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More pro-regime rallies as Iran declares 'sedition' over

Telecoms Minister Mohammad-Javad Azari Jahromi said Telegram would only be unblocked if it removed terrorist content

AFP | PTI  |  Tehran 

Iran President, Hassan Rouhani, Rouhani

saw another day of large pro-regime rallies on Thursday after authorities declared the end of deadly unrest and turned attention to addressing economic concerns that fuelled protests.

A week after the demonstrations broke out, there were no reports of fresh protests in overnight, while videos on suggested only limited unrest in provincial towns which could not be immediately verified.

As suggested it may be looking to impose fresh sanctions on Tehran, Iranian authorities were weighing options including blocking unpopular measures in Hassan Rouhani's recent budget.

State television showed huge crowds marching in support of the across 10 cities early today, including Isfahan, and Mashhad, where the protests first erupted last Thursday.

"We are together behind the leader," chanted the crowds, in reference to supreme leader Ayatollah

"The revolutionary Iranian people have responded in to the enemies and trouble-makers by coming out on the streets," Ali Akbar Velayati, an advisor to Khamenei, told the semi-news agency.

"The people's main demand now is for the and officials to deal with the economic problems," he added.

Mohammad Ali Jafari, the of Iran's powerful Revolutionary Guards, yesterday announced the "end of the sedition".

A total of 21 people died in five days of unrest that began on December 28 as protests against economic grievances quickly turned against the regime as a whole, with attacks on buildings and police stations.

Jafari told state television that "a large number of the troublemakers" were behind the unrest, saying many had been arrested and would face "firm action".

The unrest -- the biggest challenge to Iran's Islamic regime since mass protests in 2009 -- caused concern, with the in particular accusing authorities of a crackdown on dissent.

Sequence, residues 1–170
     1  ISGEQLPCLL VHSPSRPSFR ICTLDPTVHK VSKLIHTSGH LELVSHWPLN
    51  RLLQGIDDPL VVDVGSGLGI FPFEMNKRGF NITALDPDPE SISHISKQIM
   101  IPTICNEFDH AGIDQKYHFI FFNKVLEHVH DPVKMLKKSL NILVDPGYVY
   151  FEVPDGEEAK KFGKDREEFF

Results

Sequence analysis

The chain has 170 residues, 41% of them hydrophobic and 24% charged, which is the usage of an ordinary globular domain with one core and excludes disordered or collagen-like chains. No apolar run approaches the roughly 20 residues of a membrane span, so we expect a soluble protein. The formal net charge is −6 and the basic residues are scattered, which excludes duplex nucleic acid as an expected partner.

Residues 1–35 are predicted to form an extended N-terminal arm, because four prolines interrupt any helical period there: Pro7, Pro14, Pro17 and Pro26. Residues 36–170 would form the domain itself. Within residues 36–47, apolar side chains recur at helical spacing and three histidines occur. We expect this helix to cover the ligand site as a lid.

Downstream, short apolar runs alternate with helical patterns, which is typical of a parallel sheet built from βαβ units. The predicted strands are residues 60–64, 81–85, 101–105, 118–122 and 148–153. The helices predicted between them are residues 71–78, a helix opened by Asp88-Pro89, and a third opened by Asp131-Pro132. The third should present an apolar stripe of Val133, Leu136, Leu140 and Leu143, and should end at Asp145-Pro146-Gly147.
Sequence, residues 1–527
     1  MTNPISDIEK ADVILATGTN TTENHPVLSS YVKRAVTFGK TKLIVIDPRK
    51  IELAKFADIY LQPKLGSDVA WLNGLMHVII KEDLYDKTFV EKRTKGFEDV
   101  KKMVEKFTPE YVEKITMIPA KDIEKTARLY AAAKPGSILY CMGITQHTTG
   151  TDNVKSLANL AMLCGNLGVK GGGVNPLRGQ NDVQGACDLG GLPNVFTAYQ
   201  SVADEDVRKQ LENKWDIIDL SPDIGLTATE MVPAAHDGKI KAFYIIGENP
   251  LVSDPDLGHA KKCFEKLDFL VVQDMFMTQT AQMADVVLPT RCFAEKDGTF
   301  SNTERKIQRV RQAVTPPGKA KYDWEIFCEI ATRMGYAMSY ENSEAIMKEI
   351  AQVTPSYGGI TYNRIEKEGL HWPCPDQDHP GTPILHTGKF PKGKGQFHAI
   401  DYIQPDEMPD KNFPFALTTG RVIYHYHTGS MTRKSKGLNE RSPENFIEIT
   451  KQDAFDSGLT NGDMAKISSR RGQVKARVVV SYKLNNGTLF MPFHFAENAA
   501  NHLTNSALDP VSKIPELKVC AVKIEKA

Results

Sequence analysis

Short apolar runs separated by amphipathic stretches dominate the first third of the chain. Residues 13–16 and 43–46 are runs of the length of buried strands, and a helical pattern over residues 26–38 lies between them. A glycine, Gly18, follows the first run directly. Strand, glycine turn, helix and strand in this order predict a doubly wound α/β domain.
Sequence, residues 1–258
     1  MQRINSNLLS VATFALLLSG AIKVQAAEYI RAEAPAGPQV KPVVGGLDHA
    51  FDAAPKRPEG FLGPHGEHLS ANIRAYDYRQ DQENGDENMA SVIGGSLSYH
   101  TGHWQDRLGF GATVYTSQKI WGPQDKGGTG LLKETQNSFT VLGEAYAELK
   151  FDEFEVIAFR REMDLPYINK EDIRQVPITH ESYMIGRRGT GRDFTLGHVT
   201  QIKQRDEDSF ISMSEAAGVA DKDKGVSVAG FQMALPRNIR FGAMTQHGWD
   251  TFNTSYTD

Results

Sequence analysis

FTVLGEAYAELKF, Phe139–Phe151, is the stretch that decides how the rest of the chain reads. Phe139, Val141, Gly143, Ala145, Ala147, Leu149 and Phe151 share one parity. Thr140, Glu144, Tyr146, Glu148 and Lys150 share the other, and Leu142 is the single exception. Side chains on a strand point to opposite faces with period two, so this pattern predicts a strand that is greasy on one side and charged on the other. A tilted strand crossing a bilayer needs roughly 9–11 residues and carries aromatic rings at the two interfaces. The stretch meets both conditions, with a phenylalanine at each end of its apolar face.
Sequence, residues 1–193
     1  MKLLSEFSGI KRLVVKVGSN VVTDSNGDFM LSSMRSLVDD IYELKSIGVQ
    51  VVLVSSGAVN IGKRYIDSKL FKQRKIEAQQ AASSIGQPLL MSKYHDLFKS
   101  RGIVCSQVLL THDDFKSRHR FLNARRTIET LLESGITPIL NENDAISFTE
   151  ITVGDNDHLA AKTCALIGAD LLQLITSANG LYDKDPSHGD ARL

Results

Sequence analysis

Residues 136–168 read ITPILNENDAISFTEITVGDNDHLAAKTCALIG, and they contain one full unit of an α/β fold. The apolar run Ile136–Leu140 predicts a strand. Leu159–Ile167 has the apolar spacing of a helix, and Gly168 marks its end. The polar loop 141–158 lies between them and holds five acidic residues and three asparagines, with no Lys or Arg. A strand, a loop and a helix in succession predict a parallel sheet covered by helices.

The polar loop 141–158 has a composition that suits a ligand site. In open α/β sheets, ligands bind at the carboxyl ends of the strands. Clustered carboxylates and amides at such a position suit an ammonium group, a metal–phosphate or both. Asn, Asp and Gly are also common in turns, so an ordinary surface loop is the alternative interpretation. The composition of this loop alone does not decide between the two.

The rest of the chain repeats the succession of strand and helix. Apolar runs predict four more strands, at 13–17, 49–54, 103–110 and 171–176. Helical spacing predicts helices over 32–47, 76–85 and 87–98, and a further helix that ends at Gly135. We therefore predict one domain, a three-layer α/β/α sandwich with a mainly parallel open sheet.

A official, who asked for anonymity, said yesterday that would look for "actionable information" to try to bring fresh sanctions on those responsible.

US Donald Trump, who has repeatedly tweeted his backing for Iranian protesters, wrote: "You will see great support from the at the appropriate time!"

The question now is whether Trump will continue to waive nuclear-related sanctions that were suspended under the 2015 nuclear deal between and world powers.

Under the deal, Trump must actively waive certain sanctions every few months and the next deadline falls on January 12.

-- which has long accused the and Sunni Arab rivals led by of interference in its affairs -- said external "enemies" were behind recent unrest.

Its UN said in a letter that the had "stepped up its acts of intervention in a grotesque way in Iran's internal affairs" and accused of violating law and the principles of the UN charter.

and photo sharing platforms Telegram and remained blocked on mobile phones, having been interrupted soon after protests began.

said Telegram would only be unblocked if it removed "terrorist" content.

Iran's political establishment has closed ranks against the unrest, with even reformists condemning the violence.

But many have also called on Rouhani to address the economic grievances that drove the initial protests.

There have already been moves in parliament to block the unpopular budget measures announced last month, which included cuts to welfare and fuel price hikes.

"As concerns petrol prices, we must absolutely take into account the situation of the people because the tensions are absolutely not in the interests of the country," said yesterday.

Rouhani came to power in 2013 promising to mend the economy and ease social tensions, but high living costs and unemployment have left many feeling that progress is too slow.

Rural areas, hit by years of drought and under- investment, are particularly hard-hit.

On the streets of the capital, there is widespread sympathy with the economic grievances driving the unrest, particularly an unemployment rate as high as 40 percent for young people.

"People have reached a stage where they can no longer tolerate this pressure from the authorities," said Soraya Saadaat, a 54-year-old jobless woman.

But some Tehranis said claims from the US that they were desperate for freedom were overblown.

"We do have some freedom in Iran," Hamid Rahimi, a 33- year-old employee told AFP.

"If the people of Iran have something to say, it's about economic problems. They want to see their demands, what they voted for, fulfilled.


First Published: Thu, January 04 2018. 22:56 IST
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